Yom Kippur is considered the most holy day in the Jewish calendar and the conclusion of the New Years ritual. Known in English as the Day of Atonement, it is the day when traditionally the prayer gates of heaven are closed and the decision made on Rosh HaShana as to whether or not an individual has been written in the Book of Life for that coming year is sealed. The day is generally spent in solemn prayer, confession and fasting. There is a traditional 25 hour fast which begins after dinner (right before sundown) the night before Yom Kippur and ends the night of Yom Kippur. In Israel there are no television and radio broadcasts for the day. Business, shops, schools and public transportation are closed. Airports are shut down. Religious Israeli's spend the day in prayer and meditation at home or in their synagogue. Most secular Israeli's choose to fast and pass the time by watching movies or sitting in groups playing board games and counting the hours until the appointed hour at which the fast may be broken. Most who observe the fast also go to the service at the synagogue. Secular Israeli's who choose not to fast (and thus have considerably more energy than their more religious brothers) go for a quiet bike ride through the mountains or down the center lane of the highway with a close friend or two. The city's are painfully quiet. It is not forbidden to drive on Yom Kippur but it is considered extremely rude to do so with out an emergency reason (which is why it is the one safe day for bikers to utilize the normally super dangerous Israeli roadways!).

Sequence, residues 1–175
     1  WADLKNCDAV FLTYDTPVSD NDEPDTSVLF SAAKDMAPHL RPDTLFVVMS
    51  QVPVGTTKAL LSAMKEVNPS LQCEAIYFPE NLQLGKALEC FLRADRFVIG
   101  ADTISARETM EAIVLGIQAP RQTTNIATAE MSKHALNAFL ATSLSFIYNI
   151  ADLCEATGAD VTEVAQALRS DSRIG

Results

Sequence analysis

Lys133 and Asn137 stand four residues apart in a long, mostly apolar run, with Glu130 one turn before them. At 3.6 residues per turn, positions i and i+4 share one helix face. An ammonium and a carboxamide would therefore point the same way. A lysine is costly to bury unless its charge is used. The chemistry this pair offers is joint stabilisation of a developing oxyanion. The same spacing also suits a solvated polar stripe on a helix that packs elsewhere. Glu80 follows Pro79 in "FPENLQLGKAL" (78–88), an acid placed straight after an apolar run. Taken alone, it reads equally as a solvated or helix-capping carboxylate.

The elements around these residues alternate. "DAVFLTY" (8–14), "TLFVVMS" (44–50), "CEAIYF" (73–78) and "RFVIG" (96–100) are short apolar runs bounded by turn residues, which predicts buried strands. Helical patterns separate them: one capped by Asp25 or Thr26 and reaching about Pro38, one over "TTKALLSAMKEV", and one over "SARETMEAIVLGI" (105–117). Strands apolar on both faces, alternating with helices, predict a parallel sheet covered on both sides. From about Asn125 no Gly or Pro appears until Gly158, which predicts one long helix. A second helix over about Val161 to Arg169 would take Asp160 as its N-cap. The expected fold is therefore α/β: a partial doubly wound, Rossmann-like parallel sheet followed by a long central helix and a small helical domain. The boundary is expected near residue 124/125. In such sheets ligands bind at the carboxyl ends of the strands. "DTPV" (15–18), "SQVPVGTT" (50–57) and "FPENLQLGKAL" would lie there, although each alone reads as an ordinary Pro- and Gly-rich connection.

I spent Yom Kipper with friends on a Kibbutz in northern Israel. The Kibbutz was made up of half non observant who bar b qued and went swimming and half observant who spent the day either shut away in their rooms or clustered in lawn chairs in the shade talking about life, books and the food they were craving. Tradition not only inflicts fasting; tradition also prescribes feasting. The dinner before the fast is traditionally a huge feast and the fast is broken with a large feast as well.
As is typical with New Years, resolutions are made but the ones made at Yom Kippur are taken a bit more seriously, at least for the first part of the year. Just the fact that they are called "vows" and not "resolutions" begs a more serious mindset when initiating such for the year ahead. Many traditional prayers are recited. The Yom Kippur service is known to be the longest of the whole year. The day is concluded by reading the entire book of Jonah because it is a story about repentance and forgiveness. The day is closed with the reciting of the Shema and a final sounding of the shofar to signal that the gates to heaven have been closed for the coming year.